Kia tries to fix something that doesn't need fixing

Jun 26, 2020 | Same topic: Leading Edge Tech Trends
But it makes a whole lot of sense – at least in this application.

Car enthusiasts love cars with manual transmissions. While automatics are great with daily driving, manuals are arguably more fun to drive because it provides the driver a direct line of control with regards to how a car changes gears.

And of course, with more robust transmissions, powerful cars, and talented drivers, the results can vary from insane but fun things like drifting, performing donuts, and many other cool stuff.

As the car technology advances however, more and more car companies which are still making manual cars, are switching to non-mechanical “clutch-by-wire” systems.

Case and point is Kia which recently revealed more details about its all-new intelligent manual transmission (iMT). Is this an improvement over the regular mechanical manual transmission? Well, maybe or maybe not.

A picture of a car's interior with the iMT

Here's how the iMT will look like inside a car. It's exactly like a normal manual car

Why fix something that isn’t broken?

According to Dr. Michael Winkler, the Head of Powertrain at the Hyundai Motor Europe Technical Centre, the iMT provides vast improvements to a powertrain’s performance and efficiency. He also added that with the new iMT, the company will be able to provide markets that prefer to have hybrid vehicles, as well as electric powered cars available in manual.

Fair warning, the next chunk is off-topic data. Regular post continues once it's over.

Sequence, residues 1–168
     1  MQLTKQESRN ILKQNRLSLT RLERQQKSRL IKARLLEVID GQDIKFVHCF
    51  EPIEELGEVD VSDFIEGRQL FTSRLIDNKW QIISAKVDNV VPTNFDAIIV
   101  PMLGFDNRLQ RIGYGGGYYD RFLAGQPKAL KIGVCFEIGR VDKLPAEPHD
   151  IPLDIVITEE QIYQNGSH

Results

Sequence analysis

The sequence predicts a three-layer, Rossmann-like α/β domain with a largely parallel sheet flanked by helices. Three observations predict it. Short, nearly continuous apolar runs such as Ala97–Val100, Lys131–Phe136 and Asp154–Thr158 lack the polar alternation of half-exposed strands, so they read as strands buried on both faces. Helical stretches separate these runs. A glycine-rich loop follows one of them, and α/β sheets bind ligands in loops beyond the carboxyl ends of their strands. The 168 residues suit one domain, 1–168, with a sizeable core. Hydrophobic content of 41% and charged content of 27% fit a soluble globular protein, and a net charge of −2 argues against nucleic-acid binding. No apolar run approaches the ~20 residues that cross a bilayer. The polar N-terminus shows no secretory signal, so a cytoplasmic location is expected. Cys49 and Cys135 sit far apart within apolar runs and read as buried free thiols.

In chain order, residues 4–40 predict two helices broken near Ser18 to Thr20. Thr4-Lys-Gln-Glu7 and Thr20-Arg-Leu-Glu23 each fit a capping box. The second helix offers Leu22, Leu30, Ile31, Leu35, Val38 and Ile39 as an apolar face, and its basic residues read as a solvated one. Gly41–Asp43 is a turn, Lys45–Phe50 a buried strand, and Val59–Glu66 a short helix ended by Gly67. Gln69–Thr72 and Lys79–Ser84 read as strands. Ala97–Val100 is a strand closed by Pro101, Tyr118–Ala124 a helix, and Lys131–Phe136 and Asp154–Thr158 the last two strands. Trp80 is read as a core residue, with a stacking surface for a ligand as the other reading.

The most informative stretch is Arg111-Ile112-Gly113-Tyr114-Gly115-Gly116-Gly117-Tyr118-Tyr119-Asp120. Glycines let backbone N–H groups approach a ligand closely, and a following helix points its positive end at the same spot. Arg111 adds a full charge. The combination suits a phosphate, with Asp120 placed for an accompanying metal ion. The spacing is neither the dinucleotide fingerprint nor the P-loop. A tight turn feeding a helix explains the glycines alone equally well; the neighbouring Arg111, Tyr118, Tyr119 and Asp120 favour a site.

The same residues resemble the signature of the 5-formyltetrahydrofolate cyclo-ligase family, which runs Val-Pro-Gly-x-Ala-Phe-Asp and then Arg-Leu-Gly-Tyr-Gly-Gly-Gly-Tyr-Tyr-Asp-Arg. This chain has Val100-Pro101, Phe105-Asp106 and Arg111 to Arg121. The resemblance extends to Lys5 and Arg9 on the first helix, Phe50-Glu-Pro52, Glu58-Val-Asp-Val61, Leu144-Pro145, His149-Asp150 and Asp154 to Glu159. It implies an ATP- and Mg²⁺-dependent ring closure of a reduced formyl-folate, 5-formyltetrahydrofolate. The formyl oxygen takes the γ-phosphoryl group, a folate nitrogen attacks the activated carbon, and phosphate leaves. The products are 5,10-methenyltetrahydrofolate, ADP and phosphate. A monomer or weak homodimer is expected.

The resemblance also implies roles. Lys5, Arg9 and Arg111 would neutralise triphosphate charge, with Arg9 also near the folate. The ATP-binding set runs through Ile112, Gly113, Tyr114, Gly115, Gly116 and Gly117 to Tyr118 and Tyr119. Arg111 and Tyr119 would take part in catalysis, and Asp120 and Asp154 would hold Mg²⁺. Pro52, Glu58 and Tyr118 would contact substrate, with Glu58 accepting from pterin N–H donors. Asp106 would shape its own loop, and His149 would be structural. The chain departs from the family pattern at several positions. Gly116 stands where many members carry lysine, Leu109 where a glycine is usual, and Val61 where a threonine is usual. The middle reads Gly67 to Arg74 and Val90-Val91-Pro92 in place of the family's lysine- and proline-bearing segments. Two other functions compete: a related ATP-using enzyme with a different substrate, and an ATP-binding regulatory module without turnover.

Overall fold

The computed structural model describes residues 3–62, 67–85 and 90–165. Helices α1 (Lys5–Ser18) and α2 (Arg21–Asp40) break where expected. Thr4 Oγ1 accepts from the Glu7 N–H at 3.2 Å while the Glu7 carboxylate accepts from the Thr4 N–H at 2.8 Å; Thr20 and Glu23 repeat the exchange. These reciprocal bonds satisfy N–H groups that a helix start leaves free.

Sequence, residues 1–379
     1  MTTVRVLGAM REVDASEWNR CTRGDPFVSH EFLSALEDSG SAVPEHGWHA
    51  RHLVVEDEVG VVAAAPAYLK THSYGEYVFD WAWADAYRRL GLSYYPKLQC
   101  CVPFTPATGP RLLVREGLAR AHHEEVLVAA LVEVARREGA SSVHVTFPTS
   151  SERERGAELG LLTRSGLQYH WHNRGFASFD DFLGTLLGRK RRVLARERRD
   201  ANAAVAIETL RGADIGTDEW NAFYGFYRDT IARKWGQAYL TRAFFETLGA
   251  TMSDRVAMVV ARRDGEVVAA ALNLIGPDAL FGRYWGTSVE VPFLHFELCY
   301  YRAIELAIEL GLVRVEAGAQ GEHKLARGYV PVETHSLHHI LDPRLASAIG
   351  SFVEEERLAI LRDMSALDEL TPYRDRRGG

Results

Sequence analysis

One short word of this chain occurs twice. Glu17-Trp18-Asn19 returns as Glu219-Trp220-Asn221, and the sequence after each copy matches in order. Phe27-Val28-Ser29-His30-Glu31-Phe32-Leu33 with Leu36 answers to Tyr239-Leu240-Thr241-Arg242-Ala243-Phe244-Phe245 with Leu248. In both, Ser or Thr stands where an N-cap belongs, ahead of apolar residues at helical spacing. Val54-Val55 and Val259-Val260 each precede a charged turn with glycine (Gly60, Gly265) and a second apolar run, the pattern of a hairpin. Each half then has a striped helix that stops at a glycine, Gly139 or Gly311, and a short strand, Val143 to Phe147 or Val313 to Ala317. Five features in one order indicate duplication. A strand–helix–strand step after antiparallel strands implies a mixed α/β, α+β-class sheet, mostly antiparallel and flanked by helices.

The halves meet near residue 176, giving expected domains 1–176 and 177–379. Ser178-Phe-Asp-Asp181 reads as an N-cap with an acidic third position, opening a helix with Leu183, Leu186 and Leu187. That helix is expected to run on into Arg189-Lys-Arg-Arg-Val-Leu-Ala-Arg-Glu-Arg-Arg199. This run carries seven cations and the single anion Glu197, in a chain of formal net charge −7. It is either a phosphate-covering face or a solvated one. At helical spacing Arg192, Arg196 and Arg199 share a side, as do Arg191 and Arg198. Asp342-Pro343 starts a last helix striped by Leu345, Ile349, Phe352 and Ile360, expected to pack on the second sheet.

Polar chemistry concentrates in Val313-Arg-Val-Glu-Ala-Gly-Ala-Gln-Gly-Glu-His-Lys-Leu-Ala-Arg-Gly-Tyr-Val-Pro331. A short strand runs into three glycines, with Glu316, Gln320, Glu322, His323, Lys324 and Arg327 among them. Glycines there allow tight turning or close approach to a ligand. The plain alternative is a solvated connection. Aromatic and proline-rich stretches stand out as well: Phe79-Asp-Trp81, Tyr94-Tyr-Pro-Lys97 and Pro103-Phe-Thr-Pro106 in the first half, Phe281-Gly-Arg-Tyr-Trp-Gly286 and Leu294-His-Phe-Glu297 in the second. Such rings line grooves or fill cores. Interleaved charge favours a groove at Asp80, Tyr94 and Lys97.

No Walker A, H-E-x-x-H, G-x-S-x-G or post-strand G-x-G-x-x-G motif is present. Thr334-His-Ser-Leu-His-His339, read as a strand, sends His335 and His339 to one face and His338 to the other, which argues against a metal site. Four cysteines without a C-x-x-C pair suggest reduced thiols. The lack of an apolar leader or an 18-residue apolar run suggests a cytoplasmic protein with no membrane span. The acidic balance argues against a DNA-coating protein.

With regards to operating the new iMT system, it is similar to a normal manual. One still needs to press the clutch, although the feel of it might be slightly different as compared to a conventional clutch. The iMT will only be available on hybrids and EVs, and it is now integrated on the Kia Rio EcoDynamics+ hybrid. The said car model is due to be sold in Europe in the third quarter of 2020.  

A picture of the Kia iMT system with parts labels

The left side shows how the iMT is linked to the transmission, the the ride portion shows a normal clutch

Do note that other manufacturers have tried their hand on a EV with a “real” manual transmission. In the case of Ford, it was the Mustang Lithium Prototype which had a five-speed. The aforementioned five-speed however, was made by a third-party company called Getrag, and it was an expensive, over-engineered monster of a tranny.

That being said, we’re guessing that normal mechanical transmissions with normal clutches won’t stand the added rigors, and/or the complexity of a hybrid or electric vehicle. Electrified vehicles afterall, spreads its torque way differently than a normal internal combustion car does. So yeah, that’s probably a reason as to why Kia needed to develop the iMT. 

A picture of the 2021 Kia Rio on a parking lot at night

As to how the Rio EcoDynamics+ will look like, well we're guessing that it's look like the 2021 Kia Rio

For more updates on this development by Hyundai-Kia, keep reading here on


Cesar G.B. Miguel

Cesar learned how to drive a car years before he got his license. Today, he's still looking for that perfect '90s Japanese coupe to drive into the sunset while listening to Crazy Little Love by Nuage. Also has a thing for badass off-road vehicles and weird engine swaps.